Ferdinand Magellan Biography, Life, Interesting Facts
Ferdinand Magellan was a Spanish explorer of Portuguese origin who technically became the first sailor to sail around the globe.
Ferdinand Magellan was born Fernao de Magalhaes in 1480 in Sabrosa. His parents were descendants of a wealthy noble family. Magellan was one of the six children of Rodrigo and Alda Magalhaes. His parents died when he was ten.
Magellan was taken to stay with the Portuguese Queen Leonora as a page boy. Page boys were children of nobility who worked in the royal household.
While in Lisbon he went to the School of Pages. Magellan was adept with scientific studies. He proved himself in the branches of astronomy and celestial navigation. He also did well in cartography and map reading.
In 1505, Ferdinand Magellan got his first chance to sail in the high seas. He was part of the crew that was to navigate to the Indian subcontinent through Africa. During the voyage, Magellan had to withstand battles and other perils along the way. Their fleet was attacked twice.
The first battle was in 1506 which was later known as the Battle of Cannanore. Then in 1509, he fought the Egyptian forces in the Battle of Diu. From India, the Portuguese fleet sailed to Malacca in Malaysia.
They pacified the natives and conquered the city-state. Finally, they reached the Moluccas in Indonesia. The islands were famous in their production of the world’s most priced spices. Magellan arrived back in Portugal in 1513. The journey took him seven years before he returned to Portugal.
In the late months of 1513, he was on another mission to North Africa. The region of Morocco had rebelled by refusing to pay taxes imposed by Portugal. With a fleet of 500 ships and a 15,000 strong army, the Portuguese easily pacified the rebellion.
In 1514, Ferdinand Magellan was dismissed from the royal service. He was accused and convicted of illegally trading with the Moroccan merchants with the spoils of war.
Determined to continue sailing, Ferdinand Magellan sought permission from the Portuguese king. His pleas for commissioning were thwarted by King Manuel of Portugal. Magellan traveled Spain in the hope of realizing his sailing dream.
The idea of finding an alternative route to the Spice Islands of Moluccas was accepted by the Spanish king. The traditional Afro-Indian route was dominated by the Portuguese who loathed any competition.
In 1518, together with another Portuguese born sailor, Magellan set sail in command of a fleet of five ships. The control of a Spanish fleet by two Portuguese captains infuriated the Spanish public.
Portugal and Spain were traditional rivals for ages. Faleiro, the other Portuguese captain was replaced by a Spanish national. Finally, in 1519, the fleet left Spain for the ambitious journey of discovery.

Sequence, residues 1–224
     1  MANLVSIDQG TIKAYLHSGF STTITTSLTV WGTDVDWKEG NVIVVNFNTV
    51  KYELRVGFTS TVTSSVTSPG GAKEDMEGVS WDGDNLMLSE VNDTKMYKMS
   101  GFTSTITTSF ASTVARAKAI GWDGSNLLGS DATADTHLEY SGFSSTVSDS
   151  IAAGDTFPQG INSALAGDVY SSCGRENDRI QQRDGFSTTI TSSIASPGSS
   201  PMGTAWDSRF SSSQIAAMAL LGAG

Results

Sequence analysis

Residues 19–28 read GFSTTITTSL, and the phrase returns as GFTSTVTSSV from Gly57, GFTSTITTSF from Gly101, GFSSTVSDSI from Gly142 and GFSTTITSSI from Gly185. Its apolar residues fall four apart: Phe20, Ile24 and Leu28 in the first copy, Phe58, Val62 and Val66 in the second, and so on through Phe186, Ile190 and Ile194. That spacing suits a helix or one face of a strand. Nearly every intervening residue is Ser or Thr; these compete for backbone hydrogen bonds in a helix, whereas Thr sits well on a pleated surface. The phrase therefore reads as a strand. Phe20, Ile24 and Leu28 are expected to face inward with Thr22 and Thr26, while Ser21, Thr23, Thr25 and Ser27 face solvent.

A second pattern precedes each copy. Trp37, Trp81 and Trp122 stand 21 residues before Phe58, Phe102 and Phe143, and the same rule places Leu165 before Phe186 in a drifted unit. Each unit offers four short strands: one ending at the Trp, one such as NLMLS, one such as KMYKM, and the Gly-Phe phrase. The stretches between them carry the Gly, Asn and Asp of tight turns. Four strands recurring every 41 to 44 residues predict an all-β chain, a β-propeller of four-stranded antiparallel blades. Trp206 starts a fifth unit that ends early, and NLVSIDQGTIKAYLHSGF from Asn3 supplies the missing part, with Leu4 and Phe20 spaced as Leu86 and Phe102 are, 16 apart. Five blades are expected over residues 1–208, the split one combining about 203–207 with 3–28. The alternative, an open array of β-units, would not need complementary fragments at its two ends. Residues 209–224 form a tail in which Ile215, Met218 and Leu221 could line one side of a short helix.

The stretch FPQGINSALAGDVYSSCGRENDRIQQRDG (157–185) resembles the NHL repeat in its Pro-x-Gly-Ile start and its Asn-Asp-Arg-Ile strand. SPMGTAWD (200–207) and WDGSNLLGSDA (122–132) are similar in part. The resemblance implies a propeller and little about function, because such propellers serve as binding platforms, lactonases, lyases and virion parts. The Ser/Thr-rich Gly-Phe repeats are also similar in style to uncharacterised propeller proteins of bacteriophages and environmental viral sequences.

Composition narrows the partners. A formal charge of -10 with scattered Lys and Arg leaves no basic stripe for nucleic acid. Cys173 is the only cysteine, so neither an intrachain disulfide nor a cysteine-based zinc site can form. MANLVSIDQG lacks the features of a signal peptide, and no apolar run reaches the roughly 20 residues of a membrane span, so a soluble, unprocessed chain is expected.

The fleet sailed to Brazil and headed towards the southern tip of the continent. When they docked at Puerto San Julian, a mutiny occurred. The Spanish captains of the four other ships rebelled against the leadership of Magellan.
Ferdinand Magellan executed the mutiny leader and left another to fate on dry land. In November 1520, Magellan entered the Pacific Ocean with three of his five ships. The fourth had been destroyed by storms, and the fifth deserted back to Spain.
Death In The Philippines
After painfully navigating through the Pacific Ocean, Ferdinand Magellan reached Guam in March 1521. In April of the same year, he entered the Philippines. He stayed on Cebu Island and befriended the natives. He managed to convert their tribal chief to Christianity.
While waiting for shipping supplies for his crew, the natives went to war with the neighboring island of Mactan. Magellan joined in the fight to help his host island. He died from a poisoned spearhead on April 27, 1521, on the Mactan Island.
The fact that he once sailed from the Moluccas to Spain and went westwards via the Pacific to the Moluccas make him the earliest man to circumnavigate the globe. The rest of the crew sailed to the Moluccas and took the spice treasure back to Spain.
Like other nationals who set sail under a foreign flag, Ferdinand Magellan never got a befitting recognition in Spain. To them, he was still a Portuguese national, a traditional enemy.
He proved that the world is round and not flat as earlier believed. The navigation of the globe with basic, sometimes crude scientific navigational equipment was a monumental achievement. He named the new sea the Pacific Ocean.
To honor Ferdinand Magellan, the passage at Cape Virgenes was renamed Strait of Magellan. Geographical features and even a species of penguins in South America have been named after him.
Richard Francis Burton